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  • 12 July 2019

Want to work in aviation? VET can make it happen

Hunter Valley-based pilot, engineer and VET graduate Toby Dorn

Soaring high above the clouds in a 10-seat Piper Chieftain, Toby Dorn is living his dream. The Hunter Valley-based pilot and engineer first learned to fly as a teenager, spending money he earnt in his part-time job on after-school and weekend lessons. A qualified pilot at 17, Toby then chose to pursue an engineering apprenticeship through VET. Now Chief Pilot, Executive Officer and Head of Airworthiness and Aircraft Maintenance Control for Blue Sky Airways, he credits his grandfather for his love of aviation and VET for delivering the skills needed to turn his passion into a career.

“I’ve always had a fascination with flying and with aircraft, especially vintage aircraft,” says the 29-year-old. “This is the dream job. I just thoroughly love flying and there’s always something interesting happening.”

The skills Toby gained through VET are central to his role. As well as flying and managing the day-to-day operations of Blue Sky’s fleet of 8-, 10- and 14-seat aircraft, it’s his responsibility to schedule the maintenance required to keep the planes airworthy.

“The regulatory compliance stuff—that’s the part of this job that follows on from my VET training,” he says. “A lot of people who hold chief pilot roles don’t really have an understanding of the engineering requirements. We liaise with three different maintenance organisations, so when they’re saying something is wrong with your plane, you can look at it with them and actually understand the problem.”

Toby Dorn - Pilot

A VET apprenticeship can take you places

Based at Cessnock Airport, Toby flies all over NSW and into southern Queensland. On any given week, he runs charters to Sydney, Tamworth, Moree and beyond. Recently he flew a group of doctors to Condobolin then onwards to Lake Cargelligo in the NSW Central West. “I often land in little towns, which is quite fascinating,” he says. “Once I flew a load of passengers into a little place called Hungerford on the NSW—Queensland border and when I landed, I almost doubled the population!”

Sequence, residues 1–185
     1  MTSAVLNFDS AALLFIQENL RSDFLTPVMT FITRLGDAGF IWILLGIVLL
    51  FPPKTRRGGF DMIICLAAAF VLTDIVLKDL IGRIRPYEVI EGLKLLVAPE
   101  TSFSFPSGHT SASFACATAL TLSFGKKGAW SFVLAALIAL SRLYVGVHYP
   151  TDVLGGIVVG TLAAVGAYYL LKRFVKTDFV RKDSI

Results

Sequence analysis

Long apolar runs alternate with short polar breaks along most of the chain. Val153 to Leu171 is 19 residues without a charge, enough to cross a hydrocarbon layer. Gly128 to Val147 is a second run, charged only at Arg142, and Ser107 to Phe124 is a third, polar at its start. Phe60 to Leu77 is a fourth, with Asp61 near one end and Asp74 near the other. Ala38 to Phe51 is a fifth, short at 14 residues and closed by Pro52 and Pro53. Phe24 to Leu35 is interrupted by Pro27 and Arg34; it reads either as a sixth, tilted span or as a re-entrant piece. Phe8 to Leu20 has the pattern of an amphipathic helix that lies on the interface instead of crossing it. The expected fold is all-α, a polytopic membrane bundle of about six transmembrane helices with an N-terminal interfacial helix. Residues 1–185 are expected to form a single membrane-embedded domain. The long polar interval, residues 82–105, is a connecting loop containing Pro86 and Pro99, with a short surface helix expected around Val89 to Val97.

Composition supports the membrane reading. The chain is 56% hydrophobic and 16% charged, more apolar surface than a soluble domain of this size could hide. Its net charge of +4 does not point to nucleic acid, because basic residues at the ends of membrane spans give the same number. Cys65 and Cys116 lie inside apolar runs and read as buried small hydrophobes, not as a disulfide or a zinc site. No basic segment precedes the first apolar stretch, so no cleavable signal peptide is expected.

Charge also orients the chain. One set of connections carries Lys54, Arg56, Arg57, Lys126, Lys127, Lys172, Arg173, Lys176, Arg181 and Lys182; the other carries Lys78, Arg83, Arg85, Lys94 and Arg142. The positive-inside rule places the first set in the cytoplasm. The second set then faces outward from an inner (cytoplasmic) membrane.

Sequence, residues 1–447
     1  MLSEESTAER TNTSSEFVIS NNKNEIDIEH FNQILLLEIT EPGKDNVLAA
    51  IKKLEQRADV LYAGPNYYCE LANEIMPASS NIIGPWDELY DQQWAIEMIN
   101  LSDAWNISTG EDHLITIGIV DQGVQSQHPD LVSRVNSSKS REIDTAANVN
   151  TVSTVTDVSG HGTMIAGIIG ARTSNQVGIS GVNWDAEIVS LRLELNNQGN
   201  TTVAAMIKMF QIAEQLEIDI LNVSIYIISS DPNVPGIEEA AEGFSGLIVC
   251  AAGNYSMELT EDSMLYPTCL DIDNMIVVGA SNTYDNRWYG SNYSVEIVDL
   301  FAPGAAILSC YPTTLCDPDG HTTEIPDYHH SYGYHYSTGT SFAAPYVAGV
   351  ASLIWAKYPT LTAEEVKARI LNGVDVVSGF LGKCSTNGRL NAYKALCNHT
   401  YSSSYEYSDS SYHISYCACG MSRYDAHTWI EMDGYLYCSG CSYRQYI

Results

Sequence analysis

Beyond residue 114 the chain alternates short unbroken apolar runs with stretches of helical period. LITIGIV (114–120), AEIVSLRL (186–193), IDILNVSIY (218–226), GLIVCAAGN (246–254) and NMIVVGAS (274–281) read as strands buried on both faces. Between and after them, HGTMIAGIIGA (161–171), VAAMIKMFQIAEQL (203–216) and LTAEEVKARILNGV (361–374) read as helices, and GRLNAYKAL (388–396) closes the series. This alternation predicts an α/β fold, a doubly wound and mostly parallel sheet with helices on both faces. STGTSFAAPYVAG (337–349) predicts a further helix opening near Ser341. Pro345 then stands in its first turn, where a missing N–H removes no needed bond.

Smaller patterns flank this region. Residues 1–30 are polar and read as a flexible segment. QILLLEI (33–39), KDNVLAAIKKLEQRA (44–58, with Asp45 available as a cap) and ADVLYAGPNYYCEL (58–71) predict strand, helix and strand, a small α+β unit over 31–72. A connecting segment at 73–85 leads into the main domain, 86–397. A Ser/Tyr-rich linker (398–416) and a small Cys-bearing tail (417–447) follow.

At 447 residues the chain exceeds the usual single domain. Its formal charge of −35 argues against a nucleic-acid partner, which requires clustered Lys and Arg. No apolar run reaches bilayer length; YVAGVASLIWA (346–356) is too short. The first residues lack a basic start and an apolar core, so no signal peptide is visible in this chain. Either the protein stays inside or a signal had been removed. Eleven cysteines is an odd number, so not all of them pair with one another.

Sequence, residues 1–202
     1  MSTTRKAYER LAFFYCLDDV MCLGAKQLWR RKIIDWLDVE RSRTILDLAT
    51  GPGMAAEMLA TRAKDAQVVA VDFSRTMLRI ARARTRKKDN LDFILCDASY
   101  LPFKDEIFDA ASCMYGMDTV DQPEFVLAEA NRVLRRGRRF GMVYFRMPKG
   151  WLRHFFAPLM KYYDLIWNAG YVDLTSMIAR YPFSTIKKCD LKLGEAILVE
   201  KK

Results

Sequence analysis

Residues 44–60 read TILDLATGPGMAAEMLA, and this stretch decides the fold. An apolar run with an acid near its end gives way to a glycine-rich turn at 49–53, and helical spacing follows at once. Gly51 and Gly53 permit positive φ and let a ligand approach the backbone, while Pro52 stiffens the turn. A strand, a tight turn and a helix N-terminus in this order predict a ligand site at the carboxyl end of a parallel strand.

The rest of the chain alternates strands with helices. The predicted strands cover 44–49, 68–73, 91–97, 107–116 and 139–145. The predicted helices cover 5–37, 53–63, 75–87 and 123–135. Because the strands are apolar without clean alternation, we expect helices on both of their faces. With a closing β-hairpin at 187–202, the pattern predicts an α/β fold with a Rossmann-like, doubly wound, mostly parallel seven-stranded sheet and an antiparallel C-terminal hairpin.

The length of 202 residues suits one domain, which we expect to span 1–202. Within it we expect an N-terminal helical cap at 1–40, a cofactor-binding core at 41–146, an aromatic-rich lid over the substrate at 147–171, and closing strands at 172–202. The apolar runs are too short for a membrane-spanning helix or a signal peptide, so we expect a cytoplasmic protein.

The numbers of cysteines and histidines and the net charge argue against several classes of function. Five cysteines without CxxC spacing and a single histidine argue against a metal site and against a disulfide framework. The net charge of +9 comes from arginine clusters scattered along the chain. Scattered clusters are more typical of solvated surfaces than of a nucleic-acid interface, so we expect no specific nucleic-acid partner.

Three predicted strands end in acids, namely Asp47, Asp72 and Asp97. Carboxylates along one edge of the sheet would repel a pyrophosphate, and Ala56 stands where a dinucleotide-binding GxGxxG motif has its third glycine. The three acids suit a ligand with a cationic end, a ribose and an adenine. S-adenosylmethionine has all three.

To date, Toby has had two job offers from the big airlines, but at this stage, living and working in the Hunter Valley—where he grew up—is more appealing. “Maybe down the track that will change, but to be honest, it’s just not me,” he says. “In my own naïve way, I always believed I could have this sort of job and live where I do.”

Passion takes flight

Toby’s location also lets him indulge in his other passion: vintage planes. He owns a World War II ‘Piper J3 Cub’—purchased sight unseen on the internet—and uses it to train other pilots interested in vintage aircraft. “It’s not my day job, but it’s the side of aviation I enjoy the most,” he says.

The canary yellow plane lives in his hangar at the airport. “Yellow was the colour they used for training,” Toby explains. “It’s a 1940 model, so the skinning is fabric—very similar to canvas—and it’s covered in resin. It’s as tough as anything, but the sunlight does hurt them.”

On his website, Toby explains the appeal of flying older planes: “The Cub has been described as the symbol of freedom, and once you take a flight in it, you’ll understand why. The Cub is slow enough to truly appreciate the joy of flight, with the window down.”

VET opens doors to opportunity in the aviation industry

Drone pilot - crop dusting Want a career in aviation? “There are many other options than going to uni,” says Toby. “You can even get your pilot’s license now through VET. You can end up with a well paying and enjoyable career.”

  • VET qualifications are nationally recognised and deliver practical, on-the-job experience alongside key employability skills such as communication, problem-solving and digital technology, which are vital at every career stage.
  • The Certificate IV in Aeroskills, available as a fee-free apprenticeship, sees you qualify as an aircraft maintenance engineer, a job that pays around $85,000 a year. The qualification offers three different specialisations—avionics (centres around computers, electronics and electrical control systems), mechanical (the mechanics of an engine and associated systems) and structures (the parts and systems that hold a plane together).
  • If you love the idea of travelling across Australia and the world as a flight attendant, a Certificate III in Aviation (Cabin Crew), available as a traineeship, could be for you. On average, flight attendants earn around $70,000 a year, with only half the workforce in full-time roles—meaning many opportunities to work part-time.
  • A Certificate III in Aviation (Remote Pilot – Visual Line of Sight), available as a traineeship, can turn a weekend hobby of flying drones into a satisfying career. Skilled drone pilots are in demand across a range of industries, including agriculture, construction, mining and civil engineering.